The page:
Five Murders and a Suicide (a review of Bat Boy, The Musical)

Why a musical from Blue Rep made me happy about Ateneo theater, again

(Author’s note: A friend of mine, who’s related to a Blue Rep alumnus, urged me to be a little more charitable about some things. I will rather be indirect than charitable. Also, using a spoiler for the title is not problematic if one realizes that one can read the plot on Wikipedia and some other places.)

I do not intend this to be a comparison of the three student productions I witnessed this academic year. To compare Shakespeare with an off-Broadway play is like comparing the scrumptious Japanese buffet at the Dusit Hotel with the scrumptious Japanese buffet at Saisaki. (And Fluid is like the breakfast buffet at Something Fishy.) They are two totally different things. But then, the variables are almost the same. Student theater company (check) does an edgy staging (check) of a play with dark material (check). The play had dancing and singing (yes to the former, maybe to the latter, as there was just one song in Measure).

And yet, this is Blue Rep doing that play. Yes, Blue Repertory, derided in the past for being um, too Western and too elitist, and so enamored with Broadway that they are out of touch. (I have heard it being uttered somewhere, but I do not know by whom and when.) I have not watched them in action since 2003, in their production of Bye Bye Birdie, hardly the kind of production that would use the “edgy” and “dark” adjectives to describe it. But I think that they scored a huge coup. In a season where the edgy productions came pouring out like the blood from a cow, Bat Boy came unexpectedly to our consciousness. In fact, the program notes (not as copious as the last one, because no silly translation decisions had to be made) indicate that this would have not been the last thing they did this year. (Originally, says the director’s chronology, it was All Shook Up.)

That alone would have made me applaud them for the risk they took. This is not a play with a happy ending. It has incest, violence, and simulated sex. (Of course, since the time of When the Purple Settles and The Vagina Monologues, no one would dare complain anymore about such things without being shouted down.) The play had a “Mature audiences” advisory. And yet, they got away with it. They really did.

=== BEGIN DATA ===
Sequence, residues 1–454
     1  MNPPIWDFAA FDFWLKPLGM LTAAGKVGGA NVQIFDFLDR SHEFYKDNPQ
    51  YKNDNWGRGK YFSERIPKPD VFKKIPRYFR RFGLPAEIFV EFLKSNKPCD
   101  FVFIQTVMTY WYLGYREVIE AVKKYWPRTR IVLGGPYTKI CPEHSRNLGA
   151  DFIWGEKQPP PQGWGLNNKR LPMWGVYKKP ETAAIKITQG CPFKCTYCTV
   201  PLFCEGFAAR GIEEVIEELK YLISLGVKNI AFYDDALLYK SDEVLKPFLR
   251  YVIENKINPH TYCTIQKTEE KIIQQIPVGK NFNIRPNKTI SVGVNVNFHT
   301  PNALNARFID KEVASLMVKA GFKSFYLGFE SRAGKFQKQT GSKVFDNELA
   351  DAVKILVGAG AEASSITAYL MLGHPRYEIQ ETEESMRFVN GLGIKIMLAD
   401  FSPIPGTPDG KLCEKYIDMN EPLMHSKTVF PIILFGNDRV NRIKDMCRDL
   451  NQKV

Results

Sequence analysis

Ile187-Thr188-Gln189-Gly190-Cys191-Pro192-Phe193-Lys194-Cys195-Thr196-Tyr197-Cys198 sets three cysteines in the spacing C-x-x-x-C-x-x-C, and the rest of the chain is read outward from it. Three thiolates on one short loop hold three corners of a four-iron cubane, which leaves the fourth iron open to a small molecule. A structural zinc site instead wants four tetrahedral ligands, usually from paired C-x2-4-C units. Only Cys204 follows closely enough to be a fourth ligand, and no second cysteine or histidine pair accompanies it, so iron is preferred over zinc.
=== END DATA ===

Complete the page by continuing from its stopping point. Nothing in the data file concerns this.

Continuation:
The ensemble was consistently good. I really liked for instance how Marvin Ong did the title role with such passion that he managed to get my sympathy. (The British “received pronunciation” accent was also something amusing.) I also found the roles of Dr. and Mrs. Parker (played respectively by Harold Cruz and Laura Cabochan) to be quite interesting—the underlying dynamic of a failed marriage was something they managed to show pretty well. The chorus sang with such force and intensity that on some occasions the sound engineers had to ensure that the leads got heard.

Not to mention the set design and staging itself. Apparently, much like the other production I reviewed, what worked to get the people involved was to ensure that the staging was done in such a way as to make sure that the cast could move amidst the audience. This was done to great effect, especially at the very beginning and in the second act. (Of course, this helped make sure that the chorus was really heard too!)

The stage, which involved three different sets with one doubling as four different locations, was a very clever bit of making do. The only problem for me was that the lines of sight became a difficulty at times. I was sitting in the sixth or seventh row on the very right. A number of people near me had to crane their necks to see what was happening. (So much for indirect.) But this did not pose a serious problem with my enjoyment of the play. Maybe that was the point—if you wanted to get people to witness something, you might as well make them turn their heads!

Of course I could go on about the other things, but my final comment really dwells on the kind of material they chose. As I said at the start, this was a risk. All the other theater companies in Ateneo can do the dark and serious stuff, and sometimes they do this pretty well. Last year, I said that Fluid, which was not as dark but as serious than Bat Boy, worked because this play meant a lot to the players. This year, it is perhaps because Blue Repertory, like its adult counterparts, wants to skirt the edge and they really believe they are ready for it. And I think that what they did tonight with Bat Boy shows that this company, now at sweet sixteen, is growing up.

And we can all shut up now about those past jibes, I dare say. The truth, the play tells us, is something one cannot cover up for long.


A final note: The problem with this production is that, for the moment, it ended too soon. This was quite a smash for them (Blue Rep doing something different? Let’s watch!) and it was sold out on the two previous nights. Next week is activity moratorium week, so the next possible time for an “extended run” would be after Easter Week, much like all the transferred feast days. I would love to recommend watching it but then one could not anymore. Unless Blue Rep takes my suggestion, of course. (Also, to our friends at the Philippine Intercollegiate Debating Championships, you could invite them to do a “command performance.” After all, Mahar Mangahas, the costume designer, is also a valued member of the debate community.)


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